i VI VII III
    Eb mi9 Cb Maj7 Db7 Gb Maj7


    i iv VI VII
    i iv VI VII
    Ebm9 | Ebm7 Ab min7 Cb Maj7 Db7

    I prefer resolving the Eb min9 chord to a more stable Eb chord (Eb minor or Eb minor 7th) within the same measure, but I encourage you to explore different options and experiment with other chord progressions to see what sounds best to you.


    Circle Progression
    i iv VII III VI ii V7 i
    Ebm9 | Ebm7 Abm7 Db7 Gb Maj7 Cb Maj7 Fm7b5 Bb7 Eb min7


    Ebm9 as Subdominant Chord in Bb minor

    The Eb minor 9th can also be played as a variation of the subdominant chord in the key of Bb minor.

    i ii III iv v VI VII
    Bb min7 Cm7b5 Db Maj7 Eb min7 F min7 Gb Maj7 Ab7
    Ebm9 Chord Progressions as iv degree

    The following chord progressions feature an Ebm9 chord as the subdominant (iv degree):


    iv III VI VII
    iv III VI VII
    Eb min9 Db Maj7 Gb Maj7 Ab7


    i iv VI v
    i iv VI v
    Bb min7 Eb min9 Gb Maj7 F min7


    Circle Progression
    i iv VII III VI ii V7 i
    Bb min7 Ebm9 | Ebm7 Ab7 Db Maj7 Gb Maj7 Cm7b5 F7 Bb min7


    Ebm9 as Dominant Chord in Ab minor (Non-Diatonic)

    The Ebm9 chord may not be the ideal choice as a variation of the dominant chord in Ab minor due to the major 9th interval being only a half-step away from the E note found in this scale.

    i ii III iv v VI VII
    Ab min7 Bbm7b5 Cb Maj7 Db min7 Eb min7 Fb Maj7 Gb7
    Ebm9 as v degree – Chord Progressions

    If you want to hear how the Eb minor 9th chord sounds as the dominant (V) chord in the Ab minor key, try playing the following chord progressions.


    i iv VI v
    i iv VI v
    Ab min7 Db min7 Fb Maj7 Ebm9 | Ebm7


    i v VI VII
    i v VI VII
    Ab min7 Ebm9 | Ebm7 Fb Maj7 Gb7


    i VI v iv
    i VI v iv
    Ab min7 Fb Maj7 Ebm9 | Ebm7 Db min7


    Ebm9 as Supertonic Chord in Db Major

    Besides its use in minor keys, the Ebm9 chord can also be played in major keys. In the key of Db major, for instance, the Ebm9 chord can be used as the supertonic chord, located on the second degree of the scale.

    I ii iii IV V vi vii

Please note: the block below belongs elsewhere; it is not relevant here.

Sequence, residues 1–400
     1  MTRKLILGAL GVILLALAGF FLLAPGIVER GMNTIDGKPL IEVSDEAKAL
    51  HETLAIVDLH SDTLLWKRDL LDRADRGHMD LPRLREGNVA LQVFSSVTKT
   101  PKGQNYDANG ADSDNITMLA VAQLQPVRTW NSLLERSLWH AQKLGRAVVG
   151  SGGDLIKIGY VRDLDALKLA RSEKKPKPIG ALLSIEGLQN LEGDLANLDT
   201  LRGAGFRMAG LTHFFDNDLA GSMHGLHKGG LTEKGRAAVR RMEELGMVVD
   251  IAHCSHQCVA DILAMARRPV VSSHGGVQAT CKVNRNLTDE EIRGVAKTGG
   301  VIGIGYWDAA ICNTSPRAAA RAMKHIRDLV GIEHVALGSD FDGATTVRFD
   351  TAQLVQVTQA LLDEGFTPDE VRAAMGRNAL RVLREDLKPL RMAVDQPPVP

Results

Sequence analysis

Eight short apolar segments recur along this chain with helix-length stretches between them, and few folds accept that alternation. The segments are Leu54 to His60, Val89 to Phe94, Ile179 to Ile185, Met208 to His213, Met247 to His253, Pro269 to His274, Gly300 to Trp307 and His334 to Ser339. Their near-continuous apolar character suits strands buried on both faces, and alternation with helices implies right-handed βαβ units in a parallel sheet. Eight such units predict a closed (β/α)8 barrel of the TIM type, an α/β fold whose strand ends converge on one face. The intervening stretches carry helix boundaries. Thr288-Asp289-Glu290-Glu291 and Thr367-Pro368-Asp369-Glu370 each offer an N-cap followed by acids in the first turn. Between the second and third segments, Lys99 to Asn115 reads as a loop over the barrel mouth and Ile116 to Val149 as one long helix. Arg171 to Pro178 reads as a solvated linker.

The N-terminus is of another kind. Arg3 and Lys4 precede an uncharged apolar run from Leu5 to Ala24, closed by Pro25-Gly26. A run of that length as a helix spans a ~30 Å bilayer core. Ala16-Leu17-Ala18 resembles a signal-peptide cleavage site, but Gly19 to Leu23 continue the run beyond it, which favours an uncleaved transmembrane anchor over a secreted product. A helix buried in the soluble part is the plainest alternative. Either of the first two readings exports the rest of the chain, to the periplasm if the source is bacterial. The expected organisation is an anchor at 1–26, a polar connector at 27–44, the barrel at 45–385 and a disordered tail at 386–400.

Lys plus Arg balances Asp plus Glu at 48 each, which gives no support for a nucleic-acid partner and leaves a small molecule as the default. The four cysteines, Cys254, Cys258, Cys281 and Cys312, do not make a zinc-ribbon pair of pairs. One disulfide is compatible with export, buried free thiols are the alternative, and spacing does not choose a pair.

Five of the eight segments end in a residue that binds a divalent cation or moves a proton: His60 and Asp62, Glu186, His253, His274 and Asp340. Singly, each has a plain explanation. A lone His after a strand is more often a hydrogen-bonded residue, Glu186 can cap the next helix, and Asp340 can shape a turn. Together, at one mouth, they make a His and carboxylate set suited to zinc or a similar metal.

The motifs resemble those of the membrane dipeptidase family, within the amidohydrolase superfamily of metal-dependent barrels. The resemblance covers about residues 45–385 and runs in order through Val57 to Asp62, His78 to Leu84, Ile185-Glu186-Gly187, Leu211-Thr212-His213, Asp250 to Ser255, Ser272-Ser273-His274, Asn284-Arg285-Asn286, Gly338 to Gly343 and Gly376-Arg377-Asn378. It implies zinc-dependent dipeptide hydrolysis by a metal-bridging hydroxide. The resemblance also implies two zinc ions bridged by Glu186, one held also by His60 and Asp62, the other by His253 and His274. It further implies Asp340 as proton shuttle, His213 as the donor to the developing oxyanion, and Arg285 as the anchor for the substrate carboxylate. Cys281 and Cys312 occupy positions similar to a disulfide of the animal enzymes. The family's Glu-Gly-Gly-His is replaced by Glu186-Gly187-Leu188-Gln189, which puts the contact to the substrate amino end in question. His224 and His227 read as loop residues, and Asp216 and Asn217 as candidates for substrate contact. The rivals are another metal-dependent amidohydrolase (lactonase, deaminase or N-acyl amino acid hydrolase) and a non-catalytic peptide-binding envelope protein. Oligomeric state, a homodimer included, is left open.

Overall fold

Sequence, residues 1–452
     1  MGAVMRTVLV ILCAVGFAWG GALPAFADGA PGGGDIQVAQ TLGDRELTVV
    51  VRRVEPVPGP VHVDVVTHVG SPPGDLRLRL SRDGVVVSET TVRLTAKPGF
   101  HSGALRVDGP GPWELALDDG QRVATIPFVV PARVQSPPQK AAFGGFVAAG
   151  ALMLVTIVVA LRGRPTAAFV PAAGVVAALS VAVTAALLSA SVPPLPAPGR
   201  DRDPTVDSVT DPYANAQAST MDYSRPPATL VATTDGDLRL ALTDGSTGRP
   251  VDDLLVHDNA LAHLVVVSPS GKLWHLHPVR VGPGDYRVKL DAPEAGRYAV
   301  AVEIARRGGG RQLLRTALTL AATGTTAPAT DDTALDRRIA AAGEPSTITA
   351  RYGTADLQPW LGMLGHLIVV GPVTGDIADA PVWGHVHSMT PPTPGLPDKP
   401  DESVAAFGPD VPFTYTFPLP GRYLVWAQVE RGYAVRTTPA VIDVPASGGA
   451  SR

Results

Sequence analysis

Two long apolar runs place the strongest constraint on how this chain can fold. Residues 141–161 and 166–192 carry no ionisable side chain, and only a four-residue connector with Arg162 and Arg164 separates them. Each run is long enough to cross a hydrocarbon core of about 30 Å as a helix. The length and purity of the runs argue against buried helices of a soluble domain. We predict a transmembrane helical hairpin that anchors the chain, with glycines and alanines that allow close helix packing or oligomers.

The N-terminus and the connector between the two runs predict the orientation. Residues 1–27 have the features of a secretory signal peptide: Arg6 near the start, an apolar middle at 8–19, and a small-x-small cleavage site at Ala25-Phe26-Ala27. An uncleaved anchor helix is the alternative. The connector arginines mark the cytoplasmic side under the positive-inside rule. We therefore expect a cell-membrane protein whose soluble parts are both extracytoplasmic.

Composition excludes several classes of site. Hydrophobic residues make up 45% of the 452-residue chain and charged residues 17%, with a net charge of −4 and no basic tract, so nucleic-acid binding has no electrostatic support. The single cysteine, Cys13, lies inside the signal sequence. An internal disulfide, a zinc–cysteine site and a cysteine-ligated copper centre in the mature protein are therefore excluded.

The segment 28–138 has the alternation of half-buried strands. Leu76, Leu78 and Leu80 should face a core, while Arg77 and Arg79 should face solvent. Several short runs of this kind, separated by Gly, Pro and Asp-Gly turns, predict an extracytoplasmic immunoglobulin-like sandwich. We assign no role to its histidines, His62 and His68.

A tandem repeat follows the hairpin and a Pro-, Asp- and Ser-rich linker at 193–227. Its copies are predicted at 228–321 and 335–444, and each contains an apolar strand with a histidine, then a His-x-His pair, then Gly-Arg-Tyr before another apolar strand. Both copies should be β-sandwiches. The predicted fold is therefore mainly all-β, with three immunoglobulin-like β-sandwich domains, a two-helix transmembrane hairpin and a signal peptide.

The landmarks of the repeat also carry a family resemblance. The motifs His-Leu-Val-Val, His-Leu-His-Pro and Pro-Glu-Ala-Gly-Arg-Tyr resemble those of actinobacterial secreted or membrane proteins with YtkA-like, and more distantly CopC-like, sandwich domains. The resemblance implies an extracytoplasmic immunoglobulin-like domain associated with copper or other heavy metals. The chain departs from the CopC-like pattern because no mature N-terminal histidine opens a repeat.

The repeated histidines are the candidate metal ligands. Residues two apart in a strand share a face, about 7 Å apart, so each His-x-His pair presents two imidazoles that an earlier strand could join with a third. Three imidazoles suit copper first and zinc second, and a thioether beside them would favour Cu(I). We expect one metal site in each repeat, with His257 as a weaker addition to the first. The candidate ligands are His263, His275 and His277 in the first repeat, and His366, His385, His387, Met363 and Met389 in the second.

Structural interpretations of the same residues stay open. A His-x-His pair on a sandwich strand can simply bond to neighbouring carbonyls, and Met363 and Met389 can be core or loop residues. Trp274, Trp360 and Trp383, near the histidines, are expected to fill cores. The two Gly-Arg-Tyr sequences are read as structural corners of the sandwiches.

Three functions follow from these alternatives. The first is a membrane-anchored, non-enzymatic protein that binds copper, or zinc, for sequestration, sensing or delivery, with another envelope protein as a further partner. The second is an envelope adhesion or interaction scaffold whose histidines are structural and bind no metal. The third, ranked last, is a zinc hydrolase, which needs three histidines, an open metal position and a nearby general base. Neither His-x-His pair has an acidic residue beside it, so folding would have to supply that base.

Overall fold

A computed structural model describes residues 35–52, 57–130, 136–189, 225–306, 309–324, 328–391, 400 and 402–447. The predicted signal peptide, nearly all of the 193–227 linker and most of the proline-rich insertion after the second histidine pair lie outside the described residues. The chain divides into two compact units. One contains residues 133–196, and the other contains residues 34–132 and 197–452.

Db Maj7 Eb min7 F min7 Gb Maj7 Ab7 Bb min7 Cm7b5
    Ebm9 Chord Progressions as ii degree

    Try playing the following chord progressions to better understand how the Ebm9 chord functions as the supertonic (ii) chord in the key of Db major.


    ii V I
    ii V I
    Ebm9 | Ebm7 Ab7 Db Maj7


    Circle Progression
    I IV vii iii vi ii V I
    Db Maj7 Gb Maj7 Cm7b5 F min7 Bb min7 Ebm9 | Ebm7 Ab7 Db Maj7


    Ebm9 as Mediant Chord in Cb Major (Non-Diatonic)

    Check D#m9 as Mediant Chord in B Major


    Ebm9 as Submediant Chord in Gb Major

    The Ebm9 chord can be played on the sixth degree of the Gb major scale, as a variation of the submediant chord.

    I ii iii IV V vi vii
    Gb Maj7 Ab min7 Bb min7 Cb Maj7 Db7 Eb min7 Fm7b5
    Ebm9 as vi degree – Chord Progressions

    You can explore the sound of Ebm9 as the submediant chord in the key of Gb major by playing the following chord progressions:


    I iii vi V
    I iii vi V
    Gb Maj7 Bb min7 Ebm9 | Ebm7 Db7


    I vi ii V
    I vi ii V
    Gb Maj7 Ebm9 | Ebm7 Ab min7 Db7


    Circle Progression
    I IV vii iii vi ii V I
    Gb Maj7 Cb Maj7 Fm7b5 Bb min7 Ebm9 | Ebm7 Abm7 Db7 Gb Maj7


    Alternative Ebm9 Nomenclature

    • Eb m9
    • Eb -7/9
    • Eb min9
    • Eb m7/9
    • Eb minor9
    • Eb min7/9
    • Eb -7(add9)
    • Eb minor7/9
    • Eb m7(add9)
    • Eb minor 9th
    • Eb min7(add9)
    • Eb min7(add9)
    • Eb Dominant minor 9th
    • Eb Dominant minor ninth



    The chord progressions and examples provided in this post offer a comprehensive overview of common uses of the Eb min9 chord. However, it’s important to acknowledge that due to space limitations, certain advanced topics in harmony couldn’t be included. These topics encompass chord progressions based on harmonic and melodic scales, modal scales, hidden tonality, secondary dominants, chord substitutions, non-functional harmony, atonal music, modal interchange, borrowed chords, voice leading, counterpoint, chromatisms, jazz harmony, and more. Music theory is a vast subject!

    While I couldn’t cover all these topics in this post, I encourage readers to further explore these areas through their own study and research. By delving into these advanced aspects of music theory, you can develop a deeper understanding of the diverse harmonic possibilities that extend beyond the fundamental concepts presented here.